The number of deaths rises, at least 108 victims according to medical sources and 500 wounded. The military junta denies, speaks of 46 victims, as if they were few, and yet 40 are the bodies recovered by the Nile only on Tuesday. And the current budget will get worse, many injured are serious and the conditions of the hospitals, crowded and with little means, are critical: photos show the wounded piled on the ground, side by side.

The African Union was yesterday to respond, three days after the massacre of protesters and the destruction of the garrison in front of the headquarters of the Sudanese armed forces: Sudan has been suspended by the organization with immediate effect "until the effective creation of a civil transition authority , the only way to get out of the current crisis ", the Department of Peace and Security of the AU wrote in a post on Twitter.

The announcement came after the emergency meeting held in Addis Ababa (among other things, Ethiopian Prime Minister Abiy Ahmed is expected today in Khartoum as a mediator). Already on Monday, as the first news of the massacre arrived, the organization had requested "a rapid and transparent investigation". The UN also reacts, which for now limits itself to leaving, announcing the withdrawal of its civilian personnel, "temporarily", due to the situation.

But it reacts, after the shock of military violence, even the Association of Professionals (Spa), leader of the protests from the beginning, in mid-December: yesterday it appealed to the people to return to the square , block roads and bridges, "paralyze the public life ". In short, that you do not abandon the path of civil disobedience.

The goal is to cancel the terror effect that the military junta wanted to provoke with methods that recall the genocide in Darfur, the methods of the Janjaweed (tents set on fire, rapes, assaults in hospitals and not only in Khartoum), with which the Council transitional military attempts to dope with the opposition negotiations. Dialogue that civilians have already rejected.

And foreign responsibilities also begin to emerge. The destruction of the garrison in front of the headquarters of the Sudanese army in Khartoum and the massacre of protesters at the hands of the military junta, last Monday, would have been agreed by the head of the Military Transitional Council (Tmc) with the Gulf countries during the recent visits by General al-Burhan to Cairo, Abu Dhabi and Mecca, while his deputy Mohamed Hamdan Dagolo saw Mohammed bin Salman in Jeddah.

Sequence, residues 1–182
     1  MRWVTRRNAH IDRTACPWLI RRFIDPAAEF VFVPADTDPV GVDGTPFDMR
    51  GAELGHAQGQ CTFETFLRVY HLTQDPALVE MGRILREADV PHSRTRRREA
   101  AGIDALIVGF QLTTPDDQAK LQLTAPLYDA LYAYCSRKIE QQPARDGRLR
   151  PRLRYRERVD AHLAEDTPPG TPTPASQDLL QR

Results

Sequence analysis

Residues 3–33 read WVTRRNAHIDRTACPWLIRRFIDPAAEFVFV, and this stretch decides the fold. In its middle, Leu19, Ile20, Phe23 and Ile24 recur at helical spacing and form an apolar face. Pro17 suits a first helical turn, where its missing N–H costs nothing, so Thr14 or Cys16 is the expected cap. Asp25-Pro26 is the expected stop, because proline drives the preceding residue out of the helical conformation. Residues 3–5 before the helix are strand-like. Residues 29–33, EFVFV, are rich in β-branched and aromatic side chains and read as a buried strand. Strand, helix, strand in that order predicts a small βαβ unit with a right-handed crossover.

To say it is a source very close to the junta, anonymously, to the Middle East Eye agency . Already Tuesday, the day after the massacre, the opposition had accused "foreign countries" of interference and support for the Tmc. And to provide another piece of the puzzle is the US State Department which in a note reported the discussion it had with the Saudi Deputy Defense Minister on the suppression of protests in Sudan.

It is true that Saudi Arabia and the Arab Emirates (which with Egypt are the main sponsors of the Tmc) on 21 April last spoke of a financial aid of three billion dollars to the military junta.

Chiara Cruciati is on Twitter: @ChiaraCruciati

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Re: Africa

Post by blindpig » Wed Jun 19, 2019 12:47 pm

Official Documents: How the US Overthrew Ghana’s Kwame Nkrumah

How the US Overthrew Ghana’s Kwame Nkrumah


Tatenda Gwaambuka

Thu, Aug 11, 2016
The success of Ghanaian industrialisation would have further cemented the fact that African countries did not necessarily need White rule to be successful.

Kwame Nkrumah was a futurist, a born visionary. His plan as leader of Ghana was to make it an industrial hub within a generation. He dreamt of a united and successful African continent and the narrative he was creating for Africa was a foreign policy concern for the United States of America. In a Memorandum from the President’s Acting Special Assistant for National Security Affairs (Komer) to President Johnson, the coup that led to Nkrumah’s downfall was described as a fortuitous windfall because, “Nkrumah was doing more to undermine our interests than any other black African. In reaction to his strongly pro-Communist leanings, the new military regime is almost pathetically pro-Western.” In other words, the military regime was a shadow of the West, a whole puppet show mistaken for governance.